Media ownership and democratization

Research output: Chapter in Book/Report/Conference proceedingChapterpeer-review

7 Citations (Scopus)

Abstract

As has already been indicated in previous chapters, the economic aspects of the media play an important role in assessing what contribution they can make to democratization on the continent. In most places, the challenge is lack of material resources and an inadequate infrastructure. In this chapter, however, that focuses on South Africa, the most significant aspect of the media sector is the dominance of corporate capital. More specifically, it will examine the political economy of the South African print media. As a country case study it offers greater detail but also highlights some of the general issues that African countries are likely to face as they embark upon privatizing the media and democratizing their politics. The termination of sanctions in the early 1990s following the end of apartheid witnessed significant shifts in the previously stable South African commercial media industry. These took the form of acquisitions by international capital, and the procurement of previously white-owned firms by domestic black groups. Changes also occurred in the political and ideological allegiance of each of the media corporations.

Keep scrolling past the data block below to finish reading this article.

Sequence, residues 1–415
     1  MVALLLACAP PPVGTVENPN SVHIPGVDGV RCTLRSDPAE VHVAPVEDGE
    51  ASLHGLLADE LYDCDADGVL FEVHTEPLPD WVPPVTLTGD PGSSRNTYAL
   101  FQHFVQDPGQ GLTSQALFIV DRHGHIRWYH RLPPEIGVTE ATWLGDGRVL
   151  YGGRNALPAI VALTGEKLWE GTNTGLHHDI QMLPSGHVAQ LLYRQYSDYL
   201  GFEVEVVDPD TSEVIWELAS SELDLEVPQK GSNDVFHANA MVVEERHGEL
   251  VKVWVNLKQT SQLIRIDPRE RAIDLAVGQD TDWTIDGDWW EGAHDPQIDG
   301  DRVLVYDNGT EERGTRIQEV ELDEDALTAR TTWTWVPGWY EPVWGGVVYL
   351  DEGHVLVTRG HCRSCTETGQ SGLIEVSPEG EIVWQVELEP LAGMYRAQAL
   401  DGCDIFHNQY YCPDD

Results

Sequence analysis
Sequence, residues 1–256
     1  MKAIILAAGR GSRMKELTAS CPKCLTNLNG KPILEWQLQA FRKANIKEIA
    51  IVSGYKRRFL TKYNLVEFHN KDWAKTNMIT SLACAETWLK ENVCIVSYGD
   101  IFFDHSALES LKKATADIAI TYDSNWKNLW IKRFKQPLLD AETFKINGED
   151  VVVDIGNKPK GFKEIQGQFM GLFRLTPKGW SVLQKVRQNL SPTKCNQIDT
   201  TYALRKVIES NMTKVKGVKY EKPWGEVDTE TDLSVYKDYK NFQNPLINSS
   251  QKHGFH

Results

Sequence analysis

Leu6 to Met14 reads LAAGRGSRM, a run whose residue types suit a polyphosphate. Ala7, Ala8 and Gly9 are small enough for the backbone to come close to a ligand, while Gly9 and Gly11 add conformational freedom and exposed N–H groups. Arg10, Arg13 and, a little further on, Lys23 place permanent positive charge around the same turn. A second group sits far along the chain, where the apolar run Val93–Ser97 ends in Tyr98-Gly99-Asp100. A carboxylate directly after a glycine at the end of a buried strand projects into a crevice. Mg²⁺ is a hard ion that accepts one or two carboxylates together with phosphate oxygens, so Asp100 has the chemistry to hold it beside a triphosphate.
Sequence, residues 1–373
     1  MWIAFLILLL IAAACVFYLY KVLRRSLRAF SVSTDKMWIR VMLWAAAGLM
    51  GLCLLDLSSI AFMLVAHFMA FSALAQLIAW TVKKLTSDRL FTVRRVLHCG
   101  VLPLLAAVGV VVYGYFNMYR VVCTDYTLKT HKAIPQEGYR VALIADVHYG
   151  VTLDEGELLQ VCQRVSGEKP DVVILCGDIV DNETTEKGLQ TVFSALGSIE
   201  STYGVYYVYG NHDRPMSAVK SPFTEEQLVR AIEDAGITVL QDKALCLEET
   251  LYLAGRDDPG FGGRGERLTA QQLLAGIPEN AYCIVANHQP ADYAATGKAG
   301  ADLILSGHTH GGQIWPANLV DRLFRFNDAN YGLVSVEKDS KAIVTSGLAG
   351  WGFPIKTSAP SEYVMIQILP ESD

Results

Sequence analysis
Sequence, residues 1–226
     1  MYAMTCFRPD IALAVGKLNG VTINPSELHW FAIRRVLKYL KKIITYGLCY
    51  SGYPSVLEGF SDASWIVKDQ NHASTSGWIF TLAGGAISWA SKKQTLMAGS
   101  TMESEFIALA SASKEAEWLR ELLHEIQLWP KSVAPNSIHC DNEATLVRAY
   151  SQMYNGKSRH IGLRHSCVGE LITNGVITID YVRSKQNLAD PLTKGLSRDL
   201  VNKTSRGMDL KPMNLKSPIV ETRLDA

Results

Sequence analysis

Original languageEnglish
Title of host publicationMedia and Democracy in Africa
PublisherTaylor and Francis
Pages129-155
Number of pages27
ISBN (Electronic)9781351506380
ISBN (Print)0765801485, 9780765809803
DOIs
Publication statusPublished - 1 Jan 2017
Externally publishedYes

ASJC Scopus subject areas

  • General Social Sciences

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